(1.)This appeal, which has come before us, on a certificate granted by the High Court of the State of Punjab at Simla, under Article 134(1)(c) of the Constitution, raises a short point of law. On the 3rd of March 1948, an Ordinance (being Ordinance No. 7 of 1948) was promulgated by the Governor of East Punjab, under Section 88 of the Government of India Act, 1935, making provisions for the registration of land claim of the East Punjab refugees. On the 17th March 1948 the respondent Mohar Singh, who purports to be a refugee from West Pakistan, filed a claim in accordance with the provisions of this Ordinance, stating therein, that he had lands measuring 104 kanals situated within the district of Mianwali in West Punjab. On the 1st of April 1948 this Ordinance was repealed and Act 12 of 1948 (hereinafter called 'the Act') was passed by the East Punjab Legislature re-enacting all the provisions of the repealed Ordinance.
The claim filed by the respondent was investigated in due course and it was found after enquiry, that the statement made by him was absolutely false and that as a matter of fact there was no land belonging to him in West Pakistan. Upon this, a prosecution was started against him on the 13th of May, 1950, under Section 7 of the Act, which makes it an offence for any person to submit, with regard to his claim under the Act, any information which is false. The accused was tried by S. Jaspal Singh. Magistrate. First Class, Jullundur before whom he confessed his guilt and pleaded for mercy. The trying Magistrate by his order dated the 20th of July 1951 convicted the respondent under Section 7 of the Act and sentenced him to imprisonment till the rising of the court and a fine of Rs. 120, in default of which he was to suffer rigorous imprisonment for one month.
(2.)The District Magistrate of Jullundur considered the sentence to be inadequate and referred the case to the High Court at Simla under Section 438 of the Criminal Procedure Code with a recommendation that a deterrent sentence might be imposed upon the accused. The matter first came up before a single Judge of that court and a preliminary point was raised on behalf of the respondent that it was not within the competence of the trying Magistrate to convict him at all under the provisions of the Act, as the offence was committed against the Ordinance before the Act came into force and the prosecution was started long after the Ordinance had come to an end.
Having regard to the diversity of judicial opinion on the point, the single Judge referred the case for decision by a Division Bench. The learned Judges constituting the Division Bench accepted the contention raised on behalf of the respondent and by their judgment dated the 7th of August 1952 set aside the conviction of the respondent and the sentence imposed upon him under Section 7 of the Act. It is against this judgment that the present appeal has been taken to this court by the State of Punjab.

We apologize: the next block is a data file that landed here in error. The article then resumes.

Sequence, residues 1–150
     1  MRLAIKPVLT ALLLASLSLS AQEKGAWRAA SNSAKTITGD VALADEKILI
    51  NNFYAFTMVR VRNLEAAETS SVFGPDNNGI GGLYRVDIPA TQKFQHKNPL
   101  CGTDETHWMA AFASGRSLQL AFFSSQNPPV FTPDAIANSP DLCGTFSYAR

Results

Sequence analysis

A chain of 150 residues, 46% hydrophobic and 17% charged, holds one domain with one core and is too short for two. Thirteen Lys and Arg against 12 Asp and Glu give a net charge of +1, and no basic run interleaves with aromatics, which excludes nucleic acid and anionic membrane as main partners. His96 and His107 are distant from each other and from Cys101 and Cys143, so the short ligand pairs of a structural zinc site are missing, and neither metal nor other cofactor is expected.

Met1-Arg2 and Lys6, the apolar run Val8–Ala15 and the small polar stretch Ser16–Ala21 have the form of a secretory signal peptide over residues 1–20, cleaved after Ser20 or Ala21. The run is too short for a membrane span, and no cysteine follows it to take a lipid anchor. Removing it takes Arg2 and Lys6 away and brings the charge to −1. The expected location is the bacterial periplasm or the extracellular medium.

(3.)It is not disputed that the respondent did submit, with regard to the claim filed by him under the provisions of the Ordinance, an information which was false and that such act was punishable as an offence under Section 7 of the Ordinance. The Ordinance however was repealed soon after the filing of the claim and was substituted by the Act which incorporated all the provisions of the Ordinance. The High Court in deciding the case in favour of the respondent proceeded on the ground that as Act 12 of 1948 was not in existence at the date when the claim was filed by the respondent, he could not possibly be convicted of an offence under a law which, was not in force at the time of the commission of the offence. The State Government attempted to meet this argument by invoking the provisions of Section 6 of the General Clauses Act which is in the same terms as Section 4 of the Punjab General Clauses Act.
Section 6 of the General Causes Act lays down the effect of the repeal of an enactment. The section runs thus :
"6. Where this Act or any Central Act or regulation, made after the commencement of this Act, repeals any enactment hitherto made or hereafter to be made, then, unless a different intention appears, the repeal shall not
...... ....... ...... ...... ...... ......
(c) affect any right, privilege, obligation or liability acquired, accrued or incurred under any enactment so repealed: or
(d) affect any penalty, forfeiture or punishment incurred in respect of any offence committed against any enactment so repealed: or
(e) affect any investigation, legal proceeding or remedy in respect of any such right, privilege, obligation, liability, penalty, forfeiture or punishment as aforesaid".
On the strength of this provision in the General Causes Act it was contended on behalf of the State that the repeal of the Ordinance could not in any way affect the liability already incurred by the respondent, in respect of an offence, committed against the provisions of the Ordinance and any penalty or punishment consequent thereon.